With the first frosts of winter come the first phone calls from customers asking when they should switch their heat pump thermostats to e-heat. The short and quick answer: "Usually, never."
A properly designed and installed heat pump can operate continuously in cold weather. E- heat, which stands for emergency heat, should only be used in a real emergency, like when your heat pump fails.
How a heat pump works
In heat mode, your heat pump is like an air conditioner working in reverse to pull heat from the outside into your home (yes, there is "heat" in the "cold"). The electric strip heat from your furnace -- it shows up as "e" or "em" or "aux" on your thermostat -- comes on automatically to help heat your home.
Points well taken
Energy consultant Greg Jourdan says there is no point where it's necessary to switch to emergency heat, even if your heat pump is running constantly due to cold weather.
Jourdan, professor of Environmental Systems and Refrigeration Technology at Wenatchee Valley College, explains that your heat pump has a balance point where it may not be able to extract enough heat from the outside air during cold spells. This is typically around 20 degrees F. When the temperature outside gets below the designed balance point and the temperature in the home starts to drop, the second stage of your auxiliary heat (your furnace heat) will automatically switch on. The furnace supplements the heat pump to maintain the set point at your thermostat. It will automatically control and compensate during cold conditions to keep your home comfortable.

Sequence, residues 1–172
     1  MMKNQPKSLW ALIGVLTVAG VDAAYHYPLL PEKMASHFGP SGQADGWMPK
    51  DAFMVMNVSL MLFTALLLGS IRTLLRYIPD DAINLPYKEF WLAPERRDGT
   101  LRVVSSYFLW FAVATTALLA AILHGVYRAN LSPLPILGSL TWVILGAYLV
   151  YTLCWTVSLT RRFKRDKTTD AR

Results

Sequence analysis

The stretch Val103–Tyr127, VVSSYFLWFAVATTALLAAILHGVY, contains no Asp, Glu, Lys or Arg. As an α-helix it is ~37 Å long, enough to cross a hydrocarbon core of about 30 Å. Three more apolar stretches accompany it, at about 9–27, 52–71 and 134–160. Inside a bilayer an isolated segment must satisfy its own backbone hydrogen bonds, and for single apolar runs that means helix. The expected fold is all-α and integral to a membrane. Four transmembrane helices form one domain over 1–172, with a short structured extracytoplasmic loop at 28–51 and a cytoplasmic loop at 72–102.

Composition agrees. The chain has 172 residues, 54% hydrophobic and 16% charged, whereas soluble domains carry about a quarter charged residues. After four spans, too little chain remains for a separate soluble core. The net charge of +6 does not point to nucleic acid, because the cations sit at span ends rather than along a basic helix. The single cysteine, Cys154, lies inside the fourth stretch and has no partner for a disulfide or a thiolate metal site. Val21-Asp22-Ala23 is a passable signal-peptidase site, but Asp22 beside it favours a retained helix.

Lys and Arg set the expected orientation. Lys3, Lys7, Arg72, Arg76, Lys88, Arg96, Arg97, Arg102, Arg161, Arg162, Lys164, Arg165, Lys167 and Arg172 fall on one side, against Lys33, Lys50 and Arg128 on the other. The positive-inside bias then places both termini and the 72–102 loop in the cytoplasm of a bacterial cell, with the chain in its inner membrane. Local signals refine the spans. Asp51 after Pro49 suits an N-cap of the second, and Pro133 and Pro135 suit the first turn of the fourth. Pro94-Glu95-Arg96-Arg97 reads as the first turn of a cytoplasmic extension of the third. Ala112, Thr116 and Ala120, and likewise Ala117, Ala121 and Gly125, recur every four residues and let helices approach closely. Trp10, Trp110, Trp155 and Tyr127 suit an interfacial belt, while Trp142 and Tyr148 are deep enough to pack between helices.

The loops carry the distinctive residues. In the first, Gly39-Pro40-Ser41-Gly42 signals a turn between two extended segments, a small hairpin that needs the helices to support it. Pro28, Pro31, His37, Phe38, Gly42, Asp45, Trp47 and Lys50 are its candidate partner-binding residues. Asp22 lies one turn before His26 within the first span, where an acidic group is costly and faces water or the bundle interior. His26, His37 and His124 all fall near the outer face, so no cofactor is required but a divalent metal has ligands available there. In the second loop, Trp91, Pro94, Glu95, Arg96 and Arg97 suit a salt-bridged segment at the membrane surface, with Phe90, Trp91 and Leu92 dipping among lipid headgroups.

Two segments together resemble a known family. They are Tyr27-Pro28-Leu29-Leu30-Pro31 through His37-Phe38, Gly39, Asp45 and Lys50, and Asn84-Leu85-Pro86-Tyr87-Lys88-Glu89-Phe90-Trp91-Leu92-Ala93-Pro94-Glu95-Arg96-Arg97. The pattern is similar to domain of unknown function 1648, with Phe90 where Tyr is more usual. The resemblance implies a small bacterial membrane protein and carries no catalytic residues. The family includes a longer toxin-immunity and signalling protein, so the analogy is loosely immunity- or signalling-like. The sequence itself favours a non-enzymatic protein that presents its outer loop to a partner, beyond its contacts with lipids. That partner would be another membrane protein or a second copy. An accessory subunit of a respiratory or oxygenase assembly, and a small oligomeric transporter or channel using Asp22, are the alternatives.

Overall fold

Switching can cost you
Heat pumps are much more efficient than furnace/auxiliary heat. Switching manually to the e-heat setting on your thermostat can ramp up your electric bills needlessly.
Bottom line: Use emergency heat only if your heat pump isn't heating your home at all. In that case, call an HVAC professional.
>Read Greg Jourdan's Simple Energy-Saving Tips